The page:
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2017 Reading Challenge

Jill Elizabeth has read 2 books toward her goal of 150 books.
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Ladies’ Choice

So last week we talked about my favorite male characters.  Today, it’s ladies’ choice.

Everything I said about heroes and villains still holds true.  There are other interesting quirks and tidbits in strong female leads – the good and the bad – though that I think bear mentioning.  Strong female characters have traditionally had a tough time of it – much like strong females in the real world.  If they’re too strong, they’re bitchy or mean; if they’re not or if they pick their battles, then they are compromising or wimpy.  Sigh.

They just can’t win.

So strong female characters tend to be relatively few and far between in my experience.  And my reading experience is pretty sizable.  Sure, there are a lot of women who are strongly written – or even strongly described in one element or another – but that’s not really the same thing.  It’s a difference of degree.  Strong writing can convey strength of personality, and at its best it does.  But it can also “just” be a way of describing characters that we as readers can imbue with our own set of characteristics of strength.  That is a way of letting readers enjoy strong women in their stories – but it is not really writing them, so much as working with the reader to create them.  That type of writing may be harder (and probably in fact is), but it’s also subtly different than actually devising one’s own strong character.

Why is that, you ask?  Let me tell you what I think…

Strong female leads are difficult to write, I suspect, because we don’t know what we really want from them.  As with strong women in the real world, we don’t quite know how to describe this type of strength – it’s like a legal obscenity definition, we know it when we see it, but can’t really pin-point what “it” is.  They have to be able to handle anything that’s thrown at them, but can’t be made of stone; they have to be relatable, but can’t be too simple/need complexity also.  It’s tough to write that, believe me, I know.  It’s even tougher to be that – again, believe me…  😉 (teehee)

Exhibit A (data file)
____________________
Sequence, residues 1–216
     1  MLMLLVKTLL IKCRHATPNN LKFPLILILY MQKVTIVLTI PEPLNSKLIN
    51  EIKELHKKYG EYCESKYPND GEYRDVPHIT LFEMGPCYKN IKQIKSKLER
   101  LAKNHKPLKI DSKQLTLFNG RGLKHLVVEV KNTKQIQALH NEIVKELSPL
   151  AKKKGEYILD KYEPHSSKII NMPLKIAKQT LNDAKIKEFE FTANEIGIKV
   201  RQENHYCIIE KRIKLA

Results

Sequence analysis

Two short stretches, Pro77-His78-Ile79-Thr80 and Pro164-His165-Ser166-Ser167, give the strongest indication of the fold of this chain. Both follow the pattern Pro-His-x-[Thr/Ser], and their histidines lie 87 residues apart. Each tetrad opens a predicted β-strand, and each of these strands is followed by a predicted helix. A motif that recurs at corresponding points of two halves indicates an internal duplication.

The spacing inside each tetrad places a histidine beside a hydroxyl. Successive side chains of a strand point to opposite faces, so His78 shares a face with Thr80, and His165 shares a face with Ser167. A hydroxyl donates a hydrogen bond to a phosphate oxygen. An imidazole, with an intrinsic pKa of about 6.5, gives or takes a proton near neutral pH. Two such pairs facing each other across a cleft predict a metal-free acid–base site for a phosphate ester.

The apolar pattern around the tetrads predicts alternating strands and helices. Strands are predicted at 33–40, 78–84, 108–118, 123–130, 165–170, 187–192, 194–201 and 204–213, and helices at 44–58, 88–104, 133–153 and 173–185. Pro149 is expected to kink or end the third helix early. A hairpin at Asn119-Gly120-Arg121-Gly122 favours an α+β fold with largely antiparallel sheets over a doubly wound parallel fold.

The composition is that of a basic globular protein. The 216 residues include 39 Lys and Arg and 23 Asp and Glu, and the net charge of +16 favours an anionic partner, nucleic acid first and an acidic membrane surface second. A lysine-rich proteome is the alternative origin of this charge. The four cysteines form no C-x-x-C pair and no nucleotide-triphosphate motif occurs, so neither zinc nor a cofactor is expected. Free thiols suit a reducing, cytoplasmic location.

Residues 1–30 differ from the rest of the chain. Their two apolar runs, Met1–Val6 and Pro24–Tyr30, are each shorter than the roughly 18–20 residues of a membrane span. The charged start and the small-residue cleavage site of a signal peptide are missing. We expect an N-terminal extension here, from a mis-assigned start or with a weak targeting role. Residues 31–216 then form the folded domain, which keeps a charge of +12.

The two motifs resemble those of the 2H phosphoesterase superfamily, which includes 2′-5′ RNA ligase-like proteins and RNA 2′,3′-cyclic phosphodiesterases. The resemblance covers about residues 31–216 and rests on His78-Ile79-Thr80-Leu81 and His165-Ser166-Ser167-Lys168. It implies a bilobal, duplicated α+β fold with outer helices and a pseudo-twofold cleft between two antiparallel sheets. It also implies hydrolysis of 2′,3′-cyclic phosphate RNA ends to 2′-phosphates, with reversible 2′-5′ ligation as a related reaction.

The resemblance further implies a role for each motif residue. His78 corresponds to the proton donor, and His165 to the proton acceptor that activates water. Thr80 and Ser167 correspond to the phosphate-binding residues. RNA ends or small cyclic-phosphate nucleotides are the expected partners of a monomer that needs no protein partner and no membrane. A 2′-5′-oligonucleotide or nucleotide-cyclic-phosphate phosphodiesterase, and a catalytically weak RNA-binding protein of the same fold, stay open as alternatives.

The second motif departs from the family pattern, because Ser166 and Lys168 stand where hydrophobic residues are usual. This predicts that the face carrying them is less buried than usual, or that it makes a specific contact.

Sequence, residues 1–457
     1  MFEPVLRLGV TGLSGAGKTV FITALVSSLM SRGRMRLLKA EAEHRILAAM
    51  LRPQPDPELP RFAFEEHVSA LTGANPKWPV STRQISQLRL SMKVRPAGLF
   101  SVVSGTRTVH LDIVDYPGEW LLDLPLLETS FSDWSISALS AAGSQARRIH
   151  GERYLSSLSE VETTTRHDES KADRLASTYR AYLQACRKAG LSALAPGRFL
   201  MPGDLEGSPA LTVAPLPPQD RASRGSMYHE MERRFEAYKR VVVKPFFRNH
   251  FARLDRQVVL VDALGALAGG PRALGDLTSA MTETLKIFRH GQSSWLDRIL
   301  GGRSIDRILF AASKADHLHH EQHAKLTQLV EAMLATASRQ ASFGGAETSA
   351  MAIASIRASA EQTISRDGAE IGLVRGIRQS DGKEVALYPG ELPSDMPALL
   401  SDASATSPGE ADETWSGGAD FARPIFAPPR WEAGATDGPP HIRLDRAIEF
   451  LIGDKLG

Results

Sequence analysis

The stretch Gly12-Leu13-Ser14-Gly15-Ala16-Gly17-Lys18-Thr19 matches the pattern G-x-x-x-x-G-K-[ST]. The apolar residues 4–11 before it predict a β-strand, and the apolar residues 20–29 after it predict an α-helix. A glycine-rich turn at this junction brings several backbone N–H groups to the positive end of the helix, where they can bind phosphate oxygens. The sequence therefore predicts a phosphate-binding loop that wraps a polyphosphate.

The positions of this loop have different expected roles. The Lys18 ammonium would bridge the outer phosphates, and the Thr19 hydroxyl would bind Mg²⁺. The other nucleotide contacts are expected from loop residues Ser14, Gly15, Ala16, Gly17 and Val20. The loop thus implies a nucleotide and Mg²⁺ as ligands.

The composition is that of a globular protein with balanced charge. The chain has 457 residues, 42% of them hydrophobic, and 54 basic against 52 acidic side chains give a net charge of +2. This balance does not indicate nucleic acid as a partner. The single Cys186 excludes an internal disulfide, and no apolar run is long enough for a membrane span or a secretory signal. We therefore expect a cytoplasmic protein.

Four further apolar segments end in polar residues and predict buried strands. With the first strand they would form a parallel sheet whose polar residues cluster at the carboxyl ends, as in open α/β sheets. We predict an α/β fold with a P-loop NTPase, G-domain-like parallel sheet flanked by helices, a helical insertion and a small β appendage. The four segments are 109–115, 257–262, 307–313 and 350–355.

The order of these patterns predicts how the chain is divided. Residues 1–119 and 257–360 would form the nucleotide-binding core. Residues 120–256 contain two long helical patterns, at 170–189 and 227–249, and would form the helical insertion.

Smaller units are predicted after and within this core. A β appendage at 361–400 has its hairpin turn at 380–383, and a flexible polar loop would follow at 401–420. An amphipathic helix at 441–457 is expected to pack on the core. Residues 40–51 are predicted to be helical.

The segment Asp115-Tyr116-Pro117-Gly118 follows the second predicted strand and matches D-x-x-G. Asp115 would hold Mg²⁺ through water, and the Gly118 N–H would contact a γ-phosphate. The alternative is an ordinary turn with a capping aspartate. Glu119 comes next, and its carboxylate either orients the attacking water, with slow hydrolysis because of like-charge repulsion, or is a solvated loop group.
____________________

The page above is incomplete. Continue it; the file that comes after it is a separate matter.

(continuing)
Anyway, enough rambling.  Without further ado, here’s my list of top female characters.

A Random Sampling of My Favorite Female Characters in Fiction (in no particular order)

  • Thursday Next (Thursday Next series, Book 1: The Eyre Affair by Jasper Fforde) – I want to be named for a day of the week – and to have my name reflect British linguistic colloquialism…  Oh, and to travel into books as a literary detective and to meet famous book characters and be mentored by Miss Havisham and to have terrific adventures and a dodo for a pet.  Who wouldn’t really?  Thursday is sassy, smart, and the savior of literature – what more could you ask for in a heroine?